COULD top Island sailors Richard Palmer and Jeremy Waitt repeat their incredible David and Goliath act by winning the RORC Transatlantic Race Trophy, which gets underway tomorrow (Saturday)? 

When they won the title just over two years ago, following their monumental 3,000-mile transatlantic effort, they had the smallest boat in the race.

To win it again, they are going to have to do it the hard way.

Just to get to the starting point in Puerto Calero, Lanzarote, they had an epic journey on board Richard’s JPK 10.10 yacht, Jangada, through treacherous seas.

Isle of Wight County Press: Jeremy Waitt, left, and Richard Palmer lifting the RORC Transatlantic Race Trophy in 2019. Photo: RORCJeremy Waitt, left, and Richard Palmer lifting the RORC Transatlantic Race Trophy in 2019. Photo: RORC

Competing in the IRC two-handed class, in the smallest vessel in the entire fleet, it will be their first appearance in the race since they won it in 2019. 

Team Jangada will be part of a record-size fleet — taking on some of the world’s fastest pro yacht racing teams in a traditionally tough Atlantic battle. 

Jangada will take nearly double the time of the fastest boats, but that does not bother the Cowes-based sailors, who have developed a successful formula — and who are equally pleased with all their planning and preparation ahead of the race.

“Being the smallest gives us a number of challenges, but it is my third time doing the race and we feel better prepared than ever,” said Richard.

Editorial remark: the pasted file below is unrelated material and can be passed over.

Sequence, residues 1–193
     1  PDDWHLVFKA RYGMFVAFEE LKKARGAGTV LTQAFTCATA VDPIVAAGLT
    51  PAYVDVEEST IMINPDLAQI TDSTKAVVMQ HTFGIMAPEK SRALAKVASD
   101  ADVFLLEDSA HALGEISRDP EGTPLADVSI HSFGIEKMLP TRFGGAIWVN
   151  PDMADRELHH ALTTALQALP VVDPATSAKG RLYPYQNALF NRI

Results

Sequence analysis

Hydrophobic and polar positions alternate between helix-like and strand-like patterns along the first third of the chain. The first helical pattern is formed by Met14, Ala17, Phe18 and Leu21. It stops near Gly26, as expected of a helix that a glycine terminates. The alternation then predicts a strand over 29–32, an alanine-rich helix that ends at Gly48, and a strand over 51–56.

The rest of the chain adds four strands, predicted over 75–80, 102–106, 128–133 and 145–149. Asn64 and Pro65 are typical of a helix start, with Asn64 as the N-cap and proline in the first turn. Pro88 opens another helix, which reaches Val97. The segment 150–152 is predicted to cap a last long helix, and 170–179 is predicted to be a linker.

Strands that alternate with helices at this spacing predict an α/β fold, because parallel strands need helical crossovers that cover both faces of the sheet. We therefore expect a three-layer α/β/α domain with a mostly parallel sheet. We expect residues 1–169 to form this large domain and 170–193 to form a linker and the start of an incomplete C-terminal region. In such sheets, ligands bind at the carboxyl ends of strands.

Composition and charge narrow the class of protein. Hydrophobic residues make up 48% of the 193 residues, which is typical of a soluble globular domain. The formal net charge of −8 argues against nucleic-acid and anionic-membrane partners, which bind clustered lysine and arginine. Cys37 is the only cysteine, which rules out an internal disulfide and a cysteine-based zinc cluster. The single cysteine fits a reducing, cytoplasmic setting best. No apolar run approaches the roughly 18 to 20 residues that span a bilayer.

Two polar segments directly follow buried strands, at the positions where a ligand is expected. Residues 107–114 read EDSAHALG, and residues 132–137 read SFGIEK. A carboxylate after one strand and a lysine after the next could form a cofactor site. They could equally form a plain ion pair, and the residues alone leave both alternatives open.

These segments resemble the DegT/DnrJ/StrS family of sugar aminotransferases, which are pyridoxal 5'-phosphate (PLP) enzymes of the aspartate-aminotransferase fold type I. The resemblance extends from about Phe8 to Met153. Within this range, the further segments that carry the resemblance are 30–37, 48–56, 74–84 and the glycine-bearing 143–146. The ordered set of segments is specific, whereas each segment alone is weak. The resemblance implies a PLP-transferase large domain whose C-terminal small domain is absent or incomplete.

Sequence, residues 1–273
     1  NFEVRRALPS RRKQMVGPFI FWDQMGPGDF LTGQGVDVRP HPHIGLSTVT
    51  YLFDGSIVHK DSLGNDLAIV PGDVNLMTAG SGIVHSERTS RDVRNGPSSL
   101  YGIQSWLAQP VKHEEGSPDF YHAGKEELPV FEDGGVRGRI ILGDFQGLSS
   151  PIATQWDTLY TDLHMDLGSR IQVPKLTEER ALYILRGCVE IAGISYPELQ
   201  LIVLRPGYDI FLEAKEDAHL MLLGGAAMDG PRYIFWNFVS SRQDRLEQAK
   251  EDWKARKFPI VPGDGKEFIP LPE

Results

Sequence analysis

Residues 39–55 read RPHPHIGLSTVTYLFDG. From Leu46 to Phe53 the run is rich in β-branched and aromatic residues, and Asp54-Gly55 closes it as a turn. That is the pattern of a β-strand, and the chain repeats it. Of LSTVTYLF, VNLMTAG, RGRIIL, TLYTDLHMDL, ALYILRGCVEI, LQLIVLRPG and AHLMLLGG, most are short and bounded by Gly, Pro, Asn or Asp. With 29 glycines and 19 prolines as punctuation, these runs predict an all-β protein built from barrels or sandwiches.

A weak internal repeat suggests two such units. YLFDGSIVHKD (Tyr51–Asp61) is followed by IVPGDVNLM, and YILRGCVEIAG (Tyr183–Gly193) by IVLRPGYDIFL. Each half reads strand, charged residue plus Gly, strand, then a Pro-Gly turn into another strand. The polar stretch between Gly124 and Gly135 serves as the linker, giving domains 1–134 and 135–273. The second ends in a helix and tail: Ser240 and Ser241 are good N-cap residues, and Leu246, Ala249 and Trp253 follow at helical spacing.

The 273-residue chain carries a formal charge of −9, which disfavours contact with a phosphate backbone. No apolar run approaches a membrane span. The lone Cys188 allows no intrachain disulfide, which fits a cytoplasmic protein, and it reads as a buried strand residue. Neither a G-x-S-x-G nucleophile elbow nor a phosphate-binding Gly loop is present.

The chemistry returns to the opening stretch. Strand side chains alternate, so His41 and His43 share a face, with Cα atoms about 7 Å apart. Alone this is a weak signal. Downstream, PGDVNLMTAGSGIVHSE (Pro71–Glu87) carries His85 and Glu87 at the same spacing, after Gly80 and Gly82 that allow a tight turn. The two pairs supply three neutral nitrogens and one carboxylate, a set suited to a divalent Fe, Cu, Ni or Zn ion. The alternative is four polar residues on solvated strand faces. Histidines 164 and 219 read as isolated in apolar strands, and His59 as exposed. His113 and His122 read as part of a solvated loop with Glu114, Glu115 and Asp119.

Isle of Wight County Press:

“It’s great to see the size and quality of the international fleet gathered. We will be out there to win but, more importantly, finish safely. 

“We have planned it to take us between 16 and 20 days, depending on how the wind holds up.”

Getting to the start line was tough.

“We’ve already had a tough and challenging time, with our shipping option failing to materialise in Malta, giving us a challenging 1,500 nautical mile sail from Malta to Lanzarote at a difficult time of year.”

Isle of Wight County Press:

The Mediterranean weather did not hold back, which saw the pair take on treacherous wind and waves, with up to 40 knot gusts and big swells.

Jeremy added: “We are just getting sight of the weather we might expect, which always gets the butterflies going in the stomach. 

“We try and keep the non-racing sailing miles down on the boat. It’s the equivalent to Lewis Hamilton driving his race car to the start of the race. 

“The quality of the racing boats we are up against is staggering.

Isle of Wight County Press:

“As a small double-handed team, it feels like a David and Goliath type of race. 

“We have to remind ourselves it felt like that a few years ago when we won.
“All in all, we feel excited and positive about the race — and we look forward to representing the Island in a tough international race.”

To follow their progress in the race, go to: